DANBURY, Conn. -- Researchers from the Western Connecticut Health Network Biomedical Research Institute in Danbury have discovered that a virus contracted early in life can lay dormant in human cells and be reactivated years later when cancer is diagnosed, possibly changing the outcomes of the disease.
Dr. Cristiano Ferlini, the research institute’s Rudy and Sally Ruggles endowed Chief of Cancer Research, and his colleagues made this discovery by investigating viral microRNA expression in a series of ovarian cancer tissue samples taken from The Cancer Genome Atlas database.
They found that viral microRNAs were more frequently expressed in ovarian cancer tissue than in normal tissue, and that two microRNAs significantly predicted outcome in the disease.
MicroRNAs, which regulate the expression of genes and are involved in all aspects of a cell’s life, are known to be expressed in cancers. However, when a virus infects a human cell, that virus can “hijack” the behavior of a cell through the expression of viral microRNAs.
“A herpes virus can stay inside a cell forever. Once the virus gets inside the DNA of the cell, it can stay silent for a number of years until the virus is reactivated,” Ferlini said. “For example, many people have the herpes simplex virus that produces cold sores. This virus can be reactivated when someone is exposed to a cold.”
According to Ferlini, The Cancer Genome Atlas (TCGA) microRNA mapping conducted to date only mapped for human microRNAs and not viral microRNAs. Therefore, the researchers downloaded the raw data from 487 patients with serous ovarian cancer from TCGA and mapped it for viral microRNAs, cross validating their finding with a second group of ovarian cancer samples. The results of the study were published in PLoS One.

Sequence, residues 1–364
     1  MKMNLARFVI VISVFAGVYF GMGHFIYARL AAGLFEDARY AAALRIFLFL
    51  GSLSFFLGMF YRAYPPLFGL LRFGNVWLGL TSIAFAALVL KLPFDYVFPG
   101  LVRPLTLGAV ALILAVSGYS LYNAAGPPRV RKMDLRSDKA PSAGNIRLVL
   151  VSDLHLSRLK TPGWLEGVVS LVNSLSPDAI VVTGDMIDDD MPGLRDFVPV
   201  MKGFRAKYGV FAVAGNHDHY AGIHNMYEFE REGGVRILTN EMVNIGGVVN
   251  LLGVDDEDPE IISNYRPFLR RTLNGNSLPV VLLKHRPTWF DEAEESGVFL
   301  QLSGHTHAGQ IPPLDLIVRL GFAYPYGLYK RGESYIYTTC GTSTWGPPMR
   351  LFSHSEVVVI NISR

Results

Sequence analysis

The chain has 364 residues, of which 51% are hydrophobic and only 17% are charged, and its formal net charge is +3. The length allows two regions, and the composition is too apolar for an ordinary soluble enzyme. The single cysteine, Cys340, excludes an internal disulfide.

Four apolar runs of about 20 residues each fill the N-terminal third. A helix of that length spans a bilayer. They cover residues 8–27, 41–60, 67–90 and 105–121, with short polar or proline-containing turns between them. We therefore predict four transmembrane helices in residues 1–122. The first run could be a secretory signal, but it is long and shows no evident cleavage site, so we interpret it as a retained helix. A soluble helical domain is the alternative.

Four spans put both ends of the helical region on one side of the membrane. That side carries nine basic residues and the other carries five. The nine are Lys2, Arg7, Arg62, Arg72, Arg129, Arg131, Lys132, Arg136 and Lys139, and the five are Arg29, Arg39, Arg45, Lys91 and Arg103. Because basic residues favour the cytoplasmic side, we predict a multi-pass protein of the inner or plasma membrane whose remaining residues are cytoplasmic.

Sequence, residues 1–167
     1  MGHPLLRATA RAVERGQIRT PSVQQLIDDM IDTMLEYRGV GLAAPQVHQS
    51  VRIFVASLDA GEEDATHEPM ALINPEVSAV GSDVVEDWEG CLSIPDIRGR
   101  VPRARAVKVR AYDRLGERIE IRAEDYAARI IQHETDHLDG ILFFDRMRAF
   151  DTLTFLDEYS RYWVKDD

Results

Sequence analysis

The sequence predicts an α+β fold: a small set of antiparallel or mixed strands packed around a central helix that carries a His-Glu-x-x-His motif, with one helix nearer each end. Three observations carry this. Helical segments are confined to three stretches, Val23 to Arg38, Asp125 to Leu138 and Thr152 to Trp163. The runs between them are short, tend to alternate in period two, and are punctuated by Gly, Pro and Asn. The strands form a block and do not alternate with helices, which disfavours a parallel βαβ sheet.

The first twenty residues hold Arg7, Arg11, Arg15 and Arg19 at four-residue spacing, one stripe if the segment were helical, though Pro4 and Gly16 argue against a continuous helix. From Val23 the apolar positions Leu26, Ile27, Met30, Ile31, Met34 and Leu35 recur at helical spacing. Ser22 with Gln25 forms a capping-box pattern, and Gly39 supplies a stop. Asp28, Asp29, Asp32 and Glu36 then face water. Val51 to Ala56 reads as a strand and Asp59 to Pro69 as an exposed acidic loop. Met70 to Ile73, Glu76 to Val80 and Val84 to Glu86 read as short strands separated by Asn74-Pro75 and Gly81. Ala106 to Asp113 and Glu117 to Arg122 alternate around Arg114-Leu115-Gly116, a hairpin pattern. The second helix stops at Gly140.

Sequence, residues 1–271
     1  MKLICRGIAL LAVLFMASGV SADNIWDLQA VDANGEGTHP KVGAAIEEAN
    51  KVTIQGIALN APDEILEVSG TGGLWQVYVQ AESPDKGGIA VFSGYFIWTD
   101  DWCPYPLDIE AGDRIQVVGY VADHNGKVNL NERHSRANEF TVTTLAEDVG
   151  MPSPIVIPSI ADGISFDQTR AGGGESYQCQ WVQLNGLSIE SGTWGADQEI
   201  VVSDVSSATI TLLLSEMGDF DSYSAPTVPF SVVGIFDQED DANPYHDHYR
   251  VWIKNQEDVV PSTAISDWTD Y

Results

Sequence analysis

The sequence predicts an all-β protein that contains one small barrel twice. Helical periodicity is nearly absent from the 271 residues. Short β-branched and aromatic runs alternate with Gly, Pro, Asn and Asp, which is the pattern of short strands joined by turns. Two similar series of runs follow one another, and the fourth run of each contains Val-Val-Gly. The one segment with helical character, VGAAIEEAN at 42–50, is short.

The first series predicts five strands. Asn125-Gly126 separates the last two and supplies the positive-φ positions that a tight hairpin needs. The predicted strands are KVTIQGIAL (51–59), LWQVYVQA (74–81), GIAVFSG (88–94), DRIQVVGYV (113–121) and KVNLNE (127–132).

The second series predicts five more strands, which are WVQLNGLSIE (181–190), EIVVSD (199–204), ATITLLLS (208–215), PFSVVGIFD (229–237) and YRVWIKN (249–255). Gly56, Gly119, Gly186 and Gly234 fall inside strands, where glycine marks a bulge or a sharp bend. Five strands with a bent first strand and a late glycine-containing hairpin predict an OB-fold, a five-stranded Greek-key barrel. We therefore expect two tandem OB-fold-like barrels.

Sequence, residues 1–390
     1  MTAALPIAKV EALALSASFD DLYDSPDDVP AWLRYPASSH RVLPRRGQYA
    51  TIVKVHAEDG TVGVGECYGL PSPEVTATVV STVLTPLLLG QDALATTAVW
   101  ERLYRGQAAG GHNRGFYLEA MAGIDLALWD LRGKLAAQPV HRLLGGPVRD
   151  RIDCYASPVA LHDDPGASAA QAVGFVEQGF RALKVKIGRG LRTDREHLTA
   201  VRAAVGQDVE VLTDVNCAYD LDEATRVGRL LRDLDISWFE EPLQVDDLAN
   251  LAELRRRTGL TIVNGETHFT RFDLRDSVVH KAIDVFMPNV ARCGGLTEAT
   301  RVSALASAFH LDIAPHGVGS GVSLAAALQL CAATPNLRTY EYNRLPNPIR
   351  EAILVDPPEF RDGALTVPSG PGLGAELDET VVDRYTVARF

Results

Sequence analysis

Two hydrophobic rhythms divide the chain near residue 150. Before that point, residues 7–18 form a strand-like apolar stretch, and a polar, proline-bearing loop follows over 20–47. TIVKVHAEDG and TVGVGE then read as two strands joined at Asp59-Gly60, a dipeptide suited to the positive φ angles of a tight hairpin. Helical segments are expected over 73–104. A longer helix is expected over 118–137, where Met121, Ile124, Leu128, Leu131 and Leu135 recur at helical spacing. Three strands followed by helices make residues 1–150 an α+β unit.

They found that viral microRNAs were expressed in ovarian cancer tissues. In addition, they compared the frequency of viral microRNA expression and found that it was more frequently expressed in ovarian cancer tissue than it was in normal tissues.
Finally, the researchers examined if the viral microRNA influenced the course of the disease. One viral microRNA of the herpes simplex virus 2, miR-H25, was linked with improved outcomes for ovarian cancer.
“In women with expression of miR-H25 the disease was less aggressive,” Ferlini said. “We cross validated these findings in another data set using a method called in situ hybridization and found the same results, which provides strong proof of concept that this microRNA is working to stimulate a better immune response against the cancer.”
In contrast, they found that a viral microRNA of the Epstein Barr virus, miR-BART7 worked to stimulate the activity of a specific enzyme (ADH1B), making the platinum-chemotherapy used to treat ovarian cancer less effective.
“This research is opening a new door. To date, viral microRNAs were not considered in cancer patients,” Ferlini said. “We can use the fact that there are some viral components inside cells to help personalize cancer treatments.”
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